Document Type


Date of Degree

Spring 2018

Degree Name

PhD (Doctor of Philosophy)

Degree In


First Advisor

Kempchinsky, Paula

First Committee Member

Beckman, Jill

Second Committee Member

Destruel-Johnson, Emilie

Third Committee Member

Gavruseva, Elena

Fourth Committee Member

Larson, Brooke

Fifth Committee Member

Arka, I Wayan


The goal of this thesis is three-fold: to examine complementation in Balinese from typological, syntactic, and cognitive perspectives. This thesis contributes to typological studies of complementation by providing a descriptive account of the distinguishing syntactic properties of four types of Balinese clausal complements: sentence-like (s-like), Subject Control (SC), Object Control (OC), and Raising complements. The data presented in this thesis demonstrate the clausal complement in Balinese can be differentiated through the kinds of elements that can be admitted within the complements: the type of complementizer, aspectual auxiliaries, modals, temporal specifications, and overt subjects.

The theoretical aspect of this thesis is the application of Minimalist theory to account for the syntactic structure of Balinese monoclausal and biclausal constructions. This thesis also addresses a theoretical problem related to the syntactic structure of complementation within Generative syntax: finiteness. The presence of modals, aspectual auxiliaries, and the temporal specification of the complement do not signify finiteness in Balinese. Instead, finiteness in Balinese is marked by the licensing of overt subjects in the clausal complement, following the argument made by Kurniawan & Davies (2015), based on the evidence provided through the comparison of control complements and their subjunctive sentence-like complement counterparts.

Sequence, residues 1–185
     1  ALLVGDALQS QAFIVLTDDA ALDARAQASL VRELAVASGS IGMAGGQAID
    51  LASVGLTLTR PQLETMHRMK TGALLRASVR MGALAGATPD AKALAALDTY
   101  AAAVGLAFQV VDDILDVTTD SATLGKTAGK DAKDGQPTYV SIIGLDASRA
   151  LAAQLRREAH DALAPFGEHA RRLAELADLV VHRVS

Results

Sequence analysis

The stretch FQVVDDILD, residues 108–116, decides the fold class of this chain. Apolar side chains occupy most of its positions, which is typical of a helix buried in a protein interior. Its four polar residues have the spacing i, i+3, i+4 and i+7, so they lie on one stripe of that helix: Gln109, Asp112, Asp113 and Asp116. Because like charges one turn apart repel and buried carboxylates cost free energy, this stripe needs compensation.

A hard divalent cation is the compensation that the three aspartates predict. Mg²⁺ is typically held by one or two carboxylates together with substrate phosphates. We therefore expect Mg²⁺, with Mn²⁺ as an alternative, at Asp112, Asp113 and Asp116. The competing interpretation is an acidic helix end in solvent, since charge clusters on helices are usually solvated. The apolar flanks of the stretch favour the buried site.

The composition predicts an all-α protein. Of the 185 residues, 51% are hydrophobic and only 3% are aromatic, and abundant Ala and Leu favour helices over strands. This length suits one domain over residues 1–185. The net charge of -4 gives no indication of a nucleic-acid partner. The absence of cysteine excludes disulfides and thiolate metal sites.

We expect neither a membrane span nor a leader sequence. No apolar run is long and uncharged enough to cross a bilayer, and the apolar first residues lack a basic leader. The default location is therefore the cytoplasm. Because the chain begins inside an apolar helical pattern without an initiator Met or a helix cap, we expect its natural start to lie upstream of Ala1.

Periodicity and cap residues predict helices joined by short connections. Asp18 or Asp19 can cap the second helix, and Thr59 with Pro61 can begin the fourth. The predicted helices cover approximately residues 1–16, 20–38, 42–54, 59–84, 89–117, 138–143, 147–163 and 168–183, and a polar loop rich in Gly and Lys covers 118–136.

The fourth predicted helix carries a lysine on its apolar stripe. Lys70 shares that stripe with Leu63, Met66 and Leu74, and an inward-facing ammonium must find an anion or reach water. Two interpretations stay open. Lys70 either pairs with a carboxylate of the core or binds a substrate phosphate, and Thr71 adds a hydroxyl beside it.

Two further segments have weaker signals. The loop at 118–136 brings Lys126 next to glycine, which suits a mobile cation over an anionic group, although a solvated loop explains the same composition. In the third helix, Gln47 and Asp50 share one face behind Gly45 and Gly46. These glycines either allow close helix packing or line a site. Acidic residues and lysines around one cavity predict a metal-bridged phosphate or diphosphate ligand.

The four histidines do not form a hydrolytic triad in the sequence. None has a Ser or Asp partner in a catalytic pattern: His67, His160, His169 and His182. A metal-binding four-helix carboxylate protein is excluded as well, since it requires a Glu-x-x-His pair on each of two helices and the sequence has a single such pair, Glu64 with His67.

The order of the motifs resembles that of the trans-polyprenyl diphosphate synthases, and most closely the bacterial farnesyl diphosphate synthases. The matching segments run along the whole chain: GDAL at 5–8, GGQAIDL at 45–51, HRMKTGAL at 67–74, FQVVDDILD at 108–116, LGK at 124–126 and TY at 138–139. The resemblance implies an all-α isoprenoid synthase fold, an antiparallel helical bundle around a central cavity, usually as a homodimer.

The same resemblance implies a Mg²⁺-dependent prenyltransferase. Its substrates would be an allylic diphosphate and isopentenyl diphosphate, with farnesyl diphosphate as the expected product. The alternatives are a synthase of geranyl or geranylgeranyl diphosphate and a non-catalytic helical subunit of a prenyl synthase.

The cognitive processing of Balinese complementation is investigated through two sentence processing experiments with the goals of understanding how ambiguous Crossed Control Construction (CCC) sentences are processed in comparison to the processing of unambiguous Subject Control (SC) sentences and Raising sentences. The self-paced reading experiment focuses on the comparison of reading times for the verbs in these three types of sentences when the animacy of the subject is manipulated (i.e. animate or inanimate clause-initial DP). The results suggest that CCC sentences are processed differently than the SC and Raising sentences. The second experiment aims at investigating the effect of discourse context on the interpretation of the ambiguous CCC sentences. The results show the influence of context that primes subject control interpretation on the processing of Balinese SC and CC sentences.


Balinese, complementation, Crossed Control Construction (CCC), finiteness, Minimalism, sentence processing


xv, 275 pages


Includes bibliographical references (pages 239-246).


Copyright © 2018 Ari Natarina

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